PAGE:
Assessing the Risk of Leveraging Technology in Small Businesses Entering the European Union

Assessing the Risk of Leveraging Technology in Small Businesses Entering the European Union

Fation Losha (University of New York Tirana, Tirana, Albania), Kenneth David Strang (School of Business and Economics, State University of New York, Queensbury, NY, USA & APPC Research Australia, Cammeray, Australia) and Narasimha Rao Vajjhala (American University of Nigeria, Yola, Nigeria)
Copyright: © 2017 |Pages: 14
DOI: 10.4018/IJRCM.2017100104
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Abstract

Small businesses (SB's) with less than 50 employees contribute significantly to the gross national product of transition economy countries in European Union (EU) nations where they account for 99% of all businesses. The EU is recognized as a strong effective fluid international trade system of 28 members and seven applicant countries in the process of integrating. The key advantages of joining the EU include untaxed cross-border product/service trade, better social systems, and improved economic stability. There are seven countries in a high-risk situation of attempting to join the EU. The highest risk these seven countries face is to leverage technology to facilitate the increasing demands of regulation administration and commerce imposed by EU standards. The purpose of this study is to examine the ability of SB's in an integration EU country to overcome risk by leveraging technology. The authors use SB's in Albania as a national case study population.
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Introduction

It is important to investigate the strategic adoption of technology because this is one of the largest risks faced by small businesses (SB’s) in developing countries (Kurnia, Karnali, & Rahim, 2015; Wonglimpiyarat, 2015). A significant constraint faced by SB’s with less than 50 employees is that they have lower contingency reserves and fewer human resources so to compensate they must leverage technology to build a competitive advantage in an increasingly competitive environment (Ahmad, 2012; Subrahmanya, 2015). International trade agreement systems such as the European Union (EU) are beneficial to SB’s because it facilitates cross-border commerce. SB success is relevant to examine because they account for 99% of all businesses in EU partnership countries (Muller et al., 2016).

A research problem is that there are few studies in the literature about SB best-practices for high risk situations such as transitioning into the EU. Marx (1964) identified a major theme in literature referring to the dialectical tension between the pastoral ideal of national culture and the rapid transformation brought as a result of technological advancements. Marx (1994) explored the extent and means to which the society's technology determine its political, social, economic, and cultural forms. Korstanje and Skoll (2014) examined the connection between technology and risk exploring the debate on whether risk is a result of technology or whether the fears are determined by cognitive shortcuts. It is clear that entering the EU is difficult because the membership is mature and there are only seven new countries currently in that situation, namely: Albania, Macedonia, Iceland, Moldova, Montenegro, Serbia, and Turkey (EC, 2015). To address the gap in the literature, this study examines the high-risk adoption of technology by SB’s using Albania as a case study to share best-practice factors with other transition and developing countries. Data is collected through a survey instrument from a systematic random sample which is followed by correlation analysis to identify statistically significant predictors of strategic technology adoption best-practices.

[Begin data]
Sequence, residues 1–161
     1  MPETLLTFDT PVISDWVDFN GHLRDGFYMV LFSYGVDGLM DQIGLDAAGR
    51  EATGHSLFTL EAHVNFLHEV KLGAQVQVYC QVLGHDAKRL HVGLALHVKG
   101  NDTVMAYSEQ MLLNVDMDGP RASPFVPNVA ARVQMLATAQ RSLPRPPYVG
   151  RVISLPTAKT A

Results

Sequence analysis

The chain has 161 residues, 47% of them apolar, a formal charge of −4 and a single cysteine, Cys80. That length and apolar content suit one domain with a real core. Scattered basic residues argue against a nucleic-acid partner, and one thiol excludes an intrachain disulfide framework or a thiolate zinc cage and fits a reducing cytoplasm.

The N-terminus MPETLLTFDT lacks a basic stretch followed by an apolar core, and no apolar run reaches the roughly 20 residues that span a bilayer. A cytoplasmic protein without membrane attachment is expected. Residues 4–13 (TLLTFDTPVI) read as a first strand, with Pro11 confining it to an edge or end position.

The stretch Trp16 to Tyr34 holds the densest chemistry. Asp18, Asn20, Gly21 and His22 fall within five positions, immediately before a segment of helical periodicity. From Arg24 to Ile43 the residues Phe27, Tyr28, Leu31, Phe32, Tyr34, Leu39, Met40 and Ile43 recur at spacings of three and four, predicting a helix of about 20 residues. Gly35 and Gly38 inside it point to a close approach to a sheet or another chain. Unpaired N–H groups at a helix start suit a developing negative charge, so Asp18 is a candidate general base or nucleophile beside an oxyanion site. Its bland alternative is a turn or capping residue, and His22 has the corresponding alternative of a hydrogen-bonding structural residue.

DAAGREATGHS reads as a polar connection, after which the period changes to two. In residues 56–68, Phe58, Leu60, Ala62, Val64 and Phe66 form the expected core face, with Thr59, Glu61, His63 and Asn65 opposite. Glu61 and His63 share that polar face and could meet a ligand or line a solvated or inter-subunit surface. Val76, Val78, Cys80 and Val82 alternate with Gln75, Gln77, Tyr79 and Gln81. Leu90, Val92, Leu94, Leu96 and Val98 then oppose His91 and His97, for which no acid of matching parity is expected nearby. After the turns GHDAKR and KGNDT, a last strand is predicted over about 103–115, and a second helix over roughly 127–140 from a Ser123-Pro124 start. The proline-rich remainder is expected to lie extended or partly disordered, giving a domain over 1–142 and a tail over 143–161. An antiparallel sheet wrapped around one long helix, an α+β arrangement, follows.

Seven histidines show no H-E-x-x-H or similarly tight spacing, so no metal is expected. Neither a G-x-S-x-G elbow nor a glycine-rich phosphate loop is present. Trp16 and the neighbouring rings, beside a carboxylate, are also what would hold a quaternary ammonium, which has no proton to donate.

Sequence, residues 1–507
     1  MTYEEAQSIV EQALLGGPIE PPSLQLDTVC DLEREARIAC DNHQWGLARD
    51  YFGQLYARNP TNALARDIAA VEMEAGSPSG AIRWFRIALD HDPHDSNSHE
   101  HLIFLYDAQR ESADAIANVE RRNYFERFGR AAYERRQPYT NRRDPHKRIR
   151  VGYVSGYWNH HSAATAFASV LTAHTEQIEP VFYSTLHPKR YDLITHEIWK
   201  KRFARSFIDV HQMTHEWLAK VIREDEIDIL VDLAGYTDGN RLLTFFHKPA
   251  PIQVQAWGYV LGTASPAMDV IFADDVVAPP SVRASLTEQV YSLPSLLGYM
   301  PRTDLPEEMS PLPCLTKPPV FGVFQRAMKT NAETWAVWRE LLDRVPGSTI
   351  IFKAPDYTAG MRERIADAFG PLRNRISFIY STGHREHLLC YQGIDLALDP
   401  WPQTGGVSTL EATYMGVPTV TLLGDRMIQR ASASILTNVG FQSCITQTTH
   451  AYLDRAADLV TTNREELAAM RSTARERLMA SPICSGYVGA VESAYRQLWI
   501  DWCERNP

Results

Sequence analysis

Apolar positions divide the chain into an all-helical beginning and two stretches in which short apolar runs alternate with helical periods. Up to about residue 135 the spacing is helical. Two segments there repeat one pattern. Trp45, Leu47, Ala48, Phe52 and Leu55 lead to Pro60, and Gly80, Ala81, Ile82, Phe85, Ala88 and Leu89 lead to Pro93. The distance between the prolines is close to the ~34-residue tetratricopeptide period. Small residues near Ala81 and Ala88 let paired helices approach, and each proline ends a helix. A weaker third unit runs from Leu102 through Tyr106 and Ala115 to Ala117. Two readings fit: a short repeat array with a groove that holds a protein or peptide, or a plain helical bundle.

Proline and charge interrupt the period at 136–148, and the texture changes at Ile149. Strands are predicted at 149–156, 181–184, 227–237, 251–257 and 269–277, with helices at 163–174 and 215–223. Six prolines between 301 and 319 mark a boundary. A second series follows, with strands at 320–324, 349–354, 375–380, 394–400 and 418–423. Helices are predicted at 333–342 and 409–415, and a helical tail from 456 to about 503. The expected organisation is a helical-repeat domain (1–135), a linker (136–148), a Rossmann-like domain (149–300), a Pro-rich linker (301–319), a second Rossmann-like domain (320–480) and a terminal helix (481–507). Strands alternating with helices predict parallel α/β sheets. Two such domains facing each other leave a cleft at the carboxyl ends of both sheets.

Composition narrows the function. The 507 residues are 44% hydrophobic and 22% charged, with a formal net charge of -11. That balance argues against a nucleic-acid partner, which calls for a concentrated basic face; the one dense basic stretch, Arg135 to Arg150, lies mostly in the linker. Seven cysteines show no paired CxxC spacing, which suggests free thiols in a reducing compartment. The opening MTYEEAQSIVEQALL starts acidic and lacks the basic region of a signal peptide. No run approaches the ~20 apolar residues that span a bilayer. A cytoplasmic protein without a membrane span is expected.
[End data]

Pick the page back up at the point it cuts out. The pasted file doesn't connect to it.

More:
The EU is an important effective international trade system which makes it vital to study. The EU is a well-known effective trade agreement system consisting of 28 member countries along with seven partner nations integrating or transitioning into the agreement. The majority of the global economic production comes from EU countries and the EU Euro currency has remained higher than most others throughout the economic instability (Muller et al., 2016). Although there has been negative publicity stemming from United Kingdom’s decision to leave the EU, this system as remained one of the strongest in the world. The EU member countries represent numerous cultures and languages yet electronic commerce and trade flow smoothly (EC, 2015). The key advantages of joining the EU include untaxed cross-border product/service trade, better social systems, and improved economic stability. The critical disadvantages are increased local taxes, regulations and competition, which unfortunately eliminates many SB’s who cannot adapt. All of these factors make the EU nations an interesting population to examine to identify best practices associated with effective financial performance.

Time is of the essence for studies like this one. Countries with transition economies are in the process of integrating from emerging into developed full member status. Albania is a transition economy in the process of integrating into the EU (EC, 2015). Integrating and adapting in this competitive EU context requires strategically using technology to facilitate regulation administration and commerce. Thus, the strategic adoption of technology is essential to the success of SB’s in transition countries and this is what we are focusing on in this study. We assert it is necessary to study the best practices of transition economy SB’s because this behavior exists only while they are in this stage – once a country fully integrates into the EU the macro environmental factors will change so we will lose this strategic window of opportunity.

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